I discussed in my last blog post about the beginning of God's plan to put my wife and I in a church where we fit best, and mentioned briefly about some of the difficulties and novelties of a church in a land like Kuwait.

Once we started attending the service on Sunday night's, we did end up meeting someone who God has definitely used in our lives over the years. Her name is Darlene, and she was a huge help for us in our first couple years in Kuwait. Darlene is a spit-fire, no-nonsense Texas woman who was always on the go. She worked full-time, played on the worship team, attended several church services and did about a dozen other things in her weekly schedule.

She was very kind to us and very generous to immediately start giving us rides to church and back because she wanted to help us out. This was extremely helpful, because getting a taxi in Kuwait can be an exhausting experience. Imagine stepping outside into a giant blow dryer on maximum heat. Being outside for anything more than a minute and your clothes are wet from perspiration, so waiting for a yellow cab to approach can quickly become an exercise in patience and stamina.

Even worse than that was once a taxi approached, we needed to communicate where we wanted to go to a non-native English speaker, which can be a daunting task, especially since we lived near a very loud major highway. Additionally, the fact that we have white skin makes them see dinar(name of Kuwaiti money) when they looked at us, so we had to act like we weren't very interested or desperate even though we were about to melt into the pavement, and we had to haggle hard to get a price that was even remotely fair for a Westerner.

Typical Taxi in Kuwait traffic

The very idea of having to do this every time my wife and I wanted to go somewhere got old and difficult very quickly. Needless to say, some of the very first Arabic words I learned were numbers to negotiate price and directions to wherever I was going, which still serve me to this day.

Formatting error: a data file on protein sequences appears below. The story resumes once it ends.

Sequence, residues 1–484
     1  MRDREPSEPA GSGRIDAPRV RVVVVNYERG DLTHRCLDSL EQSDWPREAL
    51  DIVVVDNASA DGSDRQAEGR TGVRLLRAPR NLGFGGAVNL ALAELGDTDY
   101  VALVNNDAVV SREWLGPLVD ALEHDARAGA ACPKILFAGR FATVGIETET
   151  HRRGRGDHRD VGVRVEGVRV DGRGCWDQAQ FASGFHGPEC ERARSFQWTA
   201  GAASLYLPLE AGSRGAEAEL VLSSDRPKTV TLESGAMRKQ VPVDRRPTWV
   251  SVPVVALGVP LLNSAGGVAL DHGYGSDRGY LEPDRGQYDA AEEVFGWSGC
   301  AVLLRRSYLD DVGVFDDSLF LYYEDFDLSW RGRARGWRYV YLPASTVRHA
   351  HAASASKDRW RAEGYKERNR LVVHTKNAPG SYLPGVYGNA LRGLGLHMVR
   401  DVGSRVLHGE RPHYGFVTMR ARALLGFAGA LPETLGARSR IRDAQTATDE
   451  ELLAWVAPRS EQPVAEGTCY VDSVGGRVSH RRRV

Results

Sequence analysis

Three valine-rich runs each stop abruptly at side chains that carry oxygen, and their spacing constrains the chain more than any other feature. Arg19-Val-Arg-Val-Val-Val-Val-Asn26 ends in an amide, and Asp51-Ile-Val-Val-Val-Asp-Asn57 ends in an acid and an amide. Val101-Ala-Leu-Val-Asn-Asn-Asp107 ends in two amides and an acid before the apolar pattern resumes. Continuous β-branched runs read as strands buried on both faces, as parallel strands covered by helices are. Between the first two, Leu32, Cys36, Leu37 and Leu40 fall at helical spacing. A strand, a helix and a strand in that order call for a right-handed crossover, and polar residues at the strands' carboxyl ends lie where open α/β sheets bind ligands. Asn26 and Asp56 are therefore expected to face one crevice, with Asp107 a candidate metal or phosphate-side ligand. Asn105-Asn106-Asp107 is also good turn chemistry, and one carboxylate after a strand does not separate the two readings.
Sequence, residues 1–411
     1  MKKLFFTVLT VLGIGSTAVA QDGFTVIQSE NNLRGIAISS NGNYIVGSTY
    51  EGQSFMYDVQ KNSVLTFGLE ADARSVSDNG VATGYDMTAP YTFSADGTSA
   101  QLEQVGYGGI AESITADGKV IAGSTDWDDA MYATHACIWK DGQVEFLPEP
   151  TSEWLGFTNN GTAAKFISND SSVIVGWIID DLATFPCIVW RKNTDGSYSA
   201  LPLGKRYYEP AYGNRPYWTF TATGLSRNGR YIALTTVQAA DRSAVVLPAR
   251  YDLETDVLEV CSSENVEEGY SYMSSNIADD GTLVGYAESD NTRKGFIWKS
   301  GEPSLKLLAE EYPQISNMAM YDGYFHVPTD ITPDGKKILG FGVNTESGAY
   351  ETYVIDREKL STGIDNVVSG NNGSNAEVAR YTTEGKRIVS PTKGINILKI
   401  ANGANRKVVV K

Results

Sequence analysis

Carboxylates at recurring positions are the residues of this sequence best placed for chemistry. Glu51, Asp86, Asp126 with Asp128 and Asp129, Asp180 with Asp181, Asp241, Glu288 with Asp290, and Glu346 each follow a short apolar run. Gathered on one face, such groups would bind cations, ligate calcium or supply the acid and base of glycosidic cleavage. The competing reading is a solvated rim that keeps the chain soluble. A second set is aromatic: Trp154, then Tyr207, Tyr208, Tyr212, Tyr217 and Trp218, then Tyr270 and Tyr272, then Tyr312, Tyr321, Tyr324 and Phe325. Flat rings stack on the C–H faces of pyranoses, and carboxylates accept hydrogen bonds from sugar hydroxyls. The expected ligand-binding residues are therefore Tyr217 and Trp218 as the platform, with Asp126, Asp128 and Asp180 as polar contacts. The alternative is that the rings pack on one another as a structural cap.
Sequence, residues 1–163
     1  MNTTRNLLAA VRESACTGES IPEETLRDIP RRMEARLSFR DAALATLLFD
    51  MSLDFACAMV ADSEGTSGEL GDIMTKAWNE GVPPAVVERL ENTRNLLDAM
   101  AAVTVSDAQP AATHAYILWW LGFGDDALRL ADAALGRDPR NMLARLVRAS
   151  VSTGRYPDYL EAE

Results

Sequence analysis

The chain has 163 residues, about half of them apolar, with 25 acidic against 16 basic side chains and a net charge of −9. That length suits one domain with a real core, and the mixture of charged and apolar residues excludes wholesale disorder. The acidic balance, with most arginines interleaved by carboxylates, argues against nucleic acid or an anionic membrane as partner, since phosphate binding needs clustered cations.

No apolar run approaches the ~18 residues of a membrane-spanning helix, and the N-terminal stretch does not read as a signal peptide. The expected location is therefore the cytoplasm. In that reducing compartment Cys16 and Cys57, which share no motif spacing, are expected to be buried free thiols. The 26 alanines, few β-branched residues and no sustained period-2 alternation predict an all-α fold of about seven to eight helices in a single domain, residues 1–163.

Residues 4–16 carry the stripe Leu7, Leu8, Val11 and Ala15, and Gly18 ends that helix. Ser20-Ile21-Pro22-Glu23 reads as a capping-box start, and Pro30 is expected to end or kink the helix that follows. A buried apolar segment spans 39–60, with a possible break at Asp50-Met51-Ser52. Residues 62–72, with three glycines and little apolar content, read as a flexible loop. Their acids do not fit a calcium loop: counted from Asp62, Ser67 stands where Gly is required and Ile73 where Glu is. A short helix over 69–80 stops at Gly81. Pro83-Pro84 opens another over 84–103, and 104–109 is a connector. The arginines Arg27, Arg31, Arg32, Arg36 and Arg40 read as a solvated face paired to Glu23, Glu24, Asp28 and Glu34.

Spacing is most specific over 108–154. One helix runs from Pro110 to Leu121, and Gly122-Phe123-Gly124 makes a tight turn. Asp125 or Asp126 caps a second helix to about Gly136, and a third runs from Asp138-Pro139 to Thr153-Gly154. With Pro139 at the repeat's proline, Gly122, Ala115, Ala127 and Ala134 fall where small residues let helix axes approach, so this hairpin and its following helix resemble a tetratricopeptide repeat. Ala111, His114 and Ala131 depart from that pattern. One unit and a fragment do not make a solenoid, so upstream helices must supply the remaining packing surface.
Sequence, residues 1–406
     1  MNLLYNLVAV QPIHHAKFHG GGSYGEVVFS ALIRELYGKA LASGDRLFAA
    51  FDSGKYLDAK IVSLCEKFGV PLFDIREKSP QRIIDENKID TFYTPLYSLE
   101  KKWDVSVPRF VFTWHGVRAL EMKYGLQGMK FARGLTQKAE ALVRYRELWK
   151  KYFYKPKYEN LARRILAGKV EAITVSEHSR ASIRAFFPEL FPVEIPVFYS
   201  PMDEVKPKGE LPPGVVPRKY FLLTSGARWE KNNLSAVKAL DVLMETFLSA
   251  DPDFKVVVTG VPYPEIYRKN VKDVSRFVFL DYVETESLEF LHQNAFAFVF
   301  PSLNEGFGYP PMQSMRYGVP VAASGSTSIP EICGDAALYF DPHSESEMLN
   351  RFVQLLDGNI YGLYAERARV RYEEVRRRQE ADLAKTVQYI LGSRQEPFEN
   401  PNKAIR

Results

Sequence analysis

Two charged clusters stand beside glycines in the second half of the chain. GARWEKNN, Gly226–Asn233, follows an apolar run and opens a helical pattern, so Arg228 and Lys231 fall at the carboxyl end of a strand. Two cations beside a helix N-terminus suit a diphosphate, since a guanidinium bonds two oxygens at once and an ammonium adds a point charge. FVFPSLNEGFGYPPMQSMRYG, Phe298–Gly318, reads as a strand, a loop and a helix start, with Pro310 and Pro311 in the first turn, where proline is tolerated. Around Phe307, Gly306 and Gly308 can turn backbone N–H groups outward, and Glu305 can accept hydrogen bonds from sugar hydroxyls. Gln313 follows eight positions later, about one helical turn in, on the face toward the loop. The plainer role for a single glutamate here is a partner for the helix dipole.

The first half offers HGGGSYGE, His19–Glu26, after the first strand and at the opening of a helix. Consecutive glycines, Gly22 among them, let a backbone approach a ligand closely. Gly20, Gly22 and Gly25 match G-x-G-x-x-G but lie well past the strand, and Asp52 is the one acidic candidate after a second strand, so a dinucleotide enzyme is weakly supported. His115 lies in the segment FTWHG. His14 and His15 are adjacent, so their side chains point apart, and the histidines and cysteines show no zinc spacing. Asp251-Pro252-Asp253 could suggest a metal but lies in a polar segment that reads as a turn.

So, the fact that Darlene was willing to pick us up and drop us off from church on Sunday, even though we had to be there early for her worship team practice, was a wonderful relief and made an indelible mark of gratitude on us.

Even so, I didn't feel like I was really fitting in on the Sunday night service. I was genuinely exhausted from teaching all day, and because people immediately had to leave after the service for the next one, it still felt pretty lonely.

Darlene also invited us to attend another church service that was held at the American Embassy on Friday mornings. After checking it out, my wife and I really liked it because our minds were refreshed from getting some sleep at the end of the week, the traffic was a lot less crowded on Friday, there was a bit more time to linger and chat after the service, and there were a lot of Westerners attending. We began making more friends and getting to know the people from the service pretty well. The service was a lot smaller, more traditional music was sung, and the pastor also had another full time job so he didn't get the same opportunity to prepare as the pastors at the Lighthouse, but we believed that this is where we could find a church family. Or so we thought.